Those of you who live in Los Angeles may know that much of the LA River is already tacitly open to activity like biking and jogging. But it’s all been very unofficial—until now. Last week, AN attended a meeting about an upcoming program to open a 4.6 mile portion of the Los Angeles River known as the Glendale Narrows—stretching from Griffith Park to Elysian Park—to public recreational use this summer. “Recreational use” includes walking, hiking, fishing, birdwatching, and yes, even boating (portions of the river have been open to guided kayak tours, but not to general boating)—but, alas, no tubing.
Previews of the river under the LA River Revitalization Master Plan (Mia Lehrer + Associates)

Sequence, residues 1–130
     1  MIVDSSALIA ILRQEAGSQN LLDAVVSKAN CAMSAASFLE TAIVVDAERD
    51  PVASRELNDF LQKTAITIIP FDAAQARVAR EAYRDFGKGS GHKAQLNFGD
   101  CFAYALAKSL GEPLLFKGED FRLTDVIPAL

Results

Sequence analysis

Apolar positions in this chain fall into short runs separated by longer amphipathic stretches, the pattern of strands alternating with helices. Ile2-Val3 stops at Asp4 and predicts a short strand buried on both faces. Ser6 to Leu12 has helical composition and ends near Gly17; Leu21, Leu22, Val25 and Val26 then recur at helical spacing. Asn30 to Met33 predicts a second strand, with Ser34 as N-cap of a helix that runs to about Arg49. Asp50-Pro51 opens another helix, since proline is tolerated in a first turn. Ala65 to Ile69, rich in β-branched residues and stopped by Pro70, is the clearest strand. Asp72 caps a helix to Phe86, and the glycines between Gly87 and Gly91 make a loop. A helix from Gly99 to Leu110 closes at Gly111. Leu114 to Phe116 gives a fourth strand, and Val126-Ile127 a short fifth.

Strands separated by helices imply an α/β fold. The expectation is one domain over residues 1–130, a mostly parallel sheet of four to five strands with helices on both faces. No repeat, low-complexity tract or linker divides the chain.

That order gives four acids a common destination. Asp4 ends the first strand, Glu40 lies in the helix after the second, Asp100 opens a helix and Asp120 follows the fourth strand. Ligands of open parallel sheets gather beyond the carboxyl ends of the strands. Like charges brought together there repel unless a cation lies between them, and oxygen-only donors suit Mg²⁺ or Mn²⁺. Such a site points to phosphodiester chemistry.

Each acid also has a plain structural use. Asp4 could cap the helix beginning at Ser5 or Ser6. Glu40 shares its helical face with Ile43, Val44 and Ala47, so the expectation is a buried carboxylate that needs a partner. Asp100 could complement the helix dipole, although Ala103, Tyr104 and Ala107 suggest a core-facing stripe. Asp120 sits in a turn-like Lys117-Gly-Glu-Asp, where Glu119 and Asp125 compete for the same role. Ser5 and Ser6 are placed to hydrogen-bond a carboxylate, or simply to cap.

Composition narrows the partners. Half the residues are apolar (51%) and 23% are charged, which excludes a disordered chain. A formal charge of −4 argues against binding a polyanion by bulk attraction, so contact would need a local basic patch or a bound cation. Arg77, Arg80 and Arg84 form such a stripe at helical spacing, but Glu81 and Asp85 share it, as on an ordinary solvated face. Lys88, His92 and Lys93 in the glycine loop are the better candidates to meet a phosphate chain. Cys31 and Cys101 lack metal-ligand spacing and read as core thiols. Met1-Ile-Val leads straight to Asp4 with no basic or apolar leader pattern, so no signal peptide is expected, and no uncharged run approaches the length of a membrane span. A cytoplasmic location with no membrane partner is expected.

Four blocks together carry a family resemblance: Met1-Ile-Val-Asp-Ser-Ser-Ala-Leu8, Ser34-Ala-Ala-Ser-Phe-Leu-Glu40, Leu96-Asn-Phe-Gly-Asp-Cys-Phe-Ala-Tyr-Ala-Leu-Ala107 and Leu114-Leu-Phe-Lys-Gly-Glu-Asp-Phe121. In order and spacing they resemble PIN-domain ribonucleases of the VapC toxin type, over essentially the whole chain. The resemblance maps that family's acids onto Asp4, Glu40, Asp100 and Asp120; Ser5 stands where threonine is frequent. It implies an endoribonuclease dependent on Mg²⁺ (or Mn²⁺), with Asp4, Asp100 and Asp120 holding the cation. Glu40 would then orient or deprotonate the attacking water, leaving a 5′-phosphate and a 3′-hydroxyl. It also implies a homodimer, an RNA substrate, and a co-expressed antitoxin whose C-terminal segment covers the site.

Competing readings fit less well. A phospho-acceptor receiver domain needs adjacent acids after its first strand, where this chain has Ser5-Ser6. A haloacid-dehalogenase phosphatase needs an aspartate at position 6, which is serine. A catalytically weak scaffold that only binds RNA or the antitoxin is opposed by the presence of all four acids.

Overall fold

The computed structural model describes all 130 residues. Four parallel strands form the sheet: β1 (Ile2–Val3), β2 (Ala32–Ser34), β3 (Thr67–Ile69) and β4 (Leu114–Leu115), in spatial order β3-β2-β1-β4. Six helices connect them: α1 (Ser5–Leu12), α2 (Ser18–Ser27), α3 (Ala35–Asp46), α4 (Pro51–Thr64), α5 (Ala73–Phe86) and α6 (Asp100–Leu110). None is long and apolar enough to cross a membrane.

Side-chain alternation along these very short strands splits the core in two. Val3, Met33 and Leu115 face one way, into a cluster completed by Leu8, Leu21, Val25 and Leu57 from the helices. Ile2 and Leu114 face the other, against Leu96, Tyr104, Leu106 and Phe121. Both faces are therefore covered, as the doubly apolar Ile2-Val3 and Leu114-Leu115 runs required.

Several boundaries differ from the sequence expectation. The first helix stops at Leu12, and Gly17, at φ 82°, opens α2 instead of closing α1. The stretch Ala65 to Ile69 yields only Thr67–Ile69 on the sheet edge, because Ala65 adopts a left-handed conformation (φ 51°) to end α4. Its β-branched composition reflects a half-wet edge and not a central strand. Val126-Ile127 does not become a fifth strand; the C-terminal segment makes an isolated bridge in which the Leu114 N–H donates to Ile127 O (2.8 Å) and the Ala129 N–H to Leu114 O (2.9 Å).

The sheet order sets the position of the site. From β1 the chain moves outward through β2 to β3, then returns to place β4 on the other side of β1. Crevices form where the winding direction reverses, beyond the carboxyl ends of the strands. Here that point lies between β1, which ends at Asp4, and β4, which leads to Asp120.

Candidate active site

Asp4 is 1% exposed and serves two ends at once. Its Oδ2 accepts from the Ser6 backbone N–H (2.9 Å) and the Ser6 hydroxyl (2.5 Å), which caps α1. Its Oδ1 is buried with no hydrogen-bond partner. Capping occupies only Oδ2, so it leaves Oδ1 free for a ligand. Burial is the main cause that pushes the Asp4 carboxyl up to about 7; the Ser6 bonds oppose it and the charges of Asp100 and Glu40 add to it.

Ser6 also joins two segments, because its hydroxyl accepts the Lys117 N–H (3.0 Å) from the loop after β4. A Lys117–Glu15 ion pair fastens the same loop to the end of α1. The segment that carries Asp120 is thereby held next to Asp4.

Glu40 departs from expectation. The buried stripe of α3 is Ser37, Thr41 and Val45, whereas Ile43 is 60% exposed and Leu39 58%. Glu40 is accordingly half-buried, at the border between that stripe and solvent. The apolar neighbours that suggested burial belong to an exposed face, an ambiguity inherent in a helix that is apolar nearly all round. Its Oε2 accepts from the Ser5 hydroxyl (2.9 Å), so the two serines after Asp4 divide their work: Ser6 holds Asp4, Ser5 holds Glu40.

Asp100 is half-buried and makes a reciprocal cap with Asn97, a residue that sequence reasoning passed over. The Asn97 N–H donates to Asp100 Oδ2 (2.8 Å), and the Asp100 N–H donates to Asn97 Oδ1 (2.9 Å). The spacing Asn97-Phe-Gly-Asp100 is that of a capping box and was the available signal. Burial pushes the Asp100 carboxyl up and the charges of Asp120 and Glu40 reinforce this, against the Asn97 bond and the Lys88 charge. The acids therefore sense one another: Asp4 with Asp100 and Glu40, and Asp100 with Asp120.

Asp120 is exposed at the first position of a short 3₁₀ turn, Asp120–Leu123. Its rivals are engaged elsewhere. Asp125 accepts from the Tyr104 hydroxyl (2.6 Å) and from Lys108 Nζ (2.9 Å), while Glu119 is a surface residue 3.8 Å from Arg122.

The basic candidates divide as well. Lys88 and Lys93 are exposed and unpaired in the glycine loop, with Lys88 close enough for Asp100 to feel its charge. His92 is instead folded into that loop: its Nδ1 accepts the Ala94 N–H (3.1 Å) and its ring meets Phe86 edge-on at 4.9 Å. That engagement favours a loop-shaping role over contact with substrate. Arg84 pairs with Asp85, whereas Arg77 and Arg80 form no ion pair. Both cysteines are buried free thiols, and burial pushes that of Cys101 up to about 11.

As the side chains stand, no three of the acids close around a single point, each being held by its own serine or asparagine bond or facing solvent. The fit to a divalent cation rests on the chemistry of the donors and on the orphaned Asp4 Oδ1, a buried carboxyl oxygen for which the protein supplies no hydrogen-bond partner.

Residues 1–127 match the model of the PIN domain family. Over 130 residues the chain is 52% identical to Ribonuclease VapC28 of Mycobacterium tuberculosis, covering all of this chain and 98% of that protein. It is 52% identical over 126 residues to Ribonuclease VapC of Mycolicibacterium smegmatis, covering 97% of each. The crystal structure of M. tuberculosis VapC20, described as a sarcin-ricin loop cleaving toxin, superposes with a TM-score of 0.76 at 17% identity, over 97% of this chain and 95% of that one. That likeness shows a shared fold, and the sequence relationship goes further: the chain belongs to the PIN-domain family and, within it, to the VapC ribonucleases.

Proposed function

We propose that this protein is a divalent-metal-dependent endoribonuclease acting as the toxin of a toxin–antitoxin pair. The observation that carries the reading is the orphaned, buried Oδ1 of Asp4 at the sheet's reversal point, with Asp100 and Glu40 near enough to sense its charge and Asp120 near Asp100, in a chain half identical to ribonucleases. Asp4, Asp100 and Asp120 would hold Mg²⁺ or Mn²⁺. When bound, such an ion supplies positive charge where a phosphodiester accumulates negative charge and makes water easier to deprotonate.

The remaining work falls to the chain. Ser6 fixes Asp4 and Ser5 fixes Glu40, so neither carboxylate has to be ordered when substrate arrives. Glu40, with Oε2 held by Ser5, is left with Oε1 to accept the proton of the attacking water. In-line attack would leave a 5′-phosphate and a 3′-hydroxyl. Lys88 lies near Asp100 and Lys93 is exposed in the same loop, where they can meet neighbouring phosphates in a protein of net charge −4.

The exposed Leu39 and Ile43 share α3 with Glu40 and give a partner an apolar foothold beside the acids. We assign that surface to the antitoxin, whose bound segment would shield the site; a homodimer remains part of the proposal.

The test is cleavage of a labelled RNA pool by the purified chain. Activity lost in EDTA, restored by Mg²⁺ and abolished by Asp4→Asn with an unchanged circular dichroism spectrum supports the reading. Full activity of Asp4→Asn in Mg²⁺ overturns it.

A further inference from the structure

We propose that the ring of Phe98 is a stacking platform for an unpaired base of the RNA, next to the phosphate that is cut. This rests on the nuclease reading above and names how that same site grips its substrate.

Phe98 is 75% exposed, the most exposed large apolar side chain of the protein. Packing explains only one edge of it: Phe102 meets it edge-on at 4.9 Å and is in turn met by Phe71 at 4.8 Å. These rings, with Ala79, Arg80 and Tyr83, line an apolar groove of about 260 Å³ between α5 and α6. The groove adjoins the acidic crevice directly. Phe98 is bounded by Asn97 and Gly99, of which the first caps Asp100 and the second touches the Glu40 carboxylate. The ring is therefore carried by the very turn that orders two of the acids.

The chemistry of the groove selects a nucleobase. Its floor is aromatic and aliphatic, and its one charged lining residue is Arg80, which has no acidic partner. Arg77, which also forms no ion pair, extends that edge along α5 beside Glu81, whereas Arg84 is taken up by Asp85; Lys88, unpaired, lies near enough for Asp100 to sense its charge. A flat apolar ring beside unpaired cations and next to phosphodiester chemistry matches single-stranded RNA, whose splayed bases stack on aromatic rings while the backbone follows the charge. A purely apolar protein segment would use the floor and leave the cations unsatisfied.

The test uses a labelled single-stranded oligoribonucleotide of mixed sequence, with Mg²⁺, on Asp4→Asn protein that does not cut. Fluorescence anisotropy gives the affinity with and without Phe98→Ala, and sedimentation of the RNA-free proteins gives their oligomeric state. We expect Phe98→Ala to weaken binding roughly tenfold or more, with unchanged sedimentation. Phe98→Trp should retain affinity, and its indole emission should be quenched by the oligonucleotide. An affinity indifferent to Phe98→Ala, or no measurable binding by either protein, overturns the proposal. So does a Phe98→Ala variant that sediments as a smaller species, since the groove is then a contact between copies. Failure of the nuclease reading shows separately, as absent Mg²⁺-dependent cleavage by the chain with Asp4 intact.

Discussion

The pilot program will include oversight by the Mountains Recreation and Conservation Authority from Sunrise to Sunset, so it’s all very proper. And if the pilot program goes well we might see people enjoying the river all year long. “This was too good of an opportunity to let go,” explained LA council member Ed Reyes. And thanks to Senate Bill 1201, which amended the LA Flood Control Act to provide for “public use of navigable waterways…that are suitable for recreational and educational purposes,” it’s a public right. See more upcoming plans for the LA River below, including a River Development District. They’re further off, but with the LA River open to recreation, you could be hearing more about them soon.
Map of proposed river access points (LA Department of Recreation and Parks)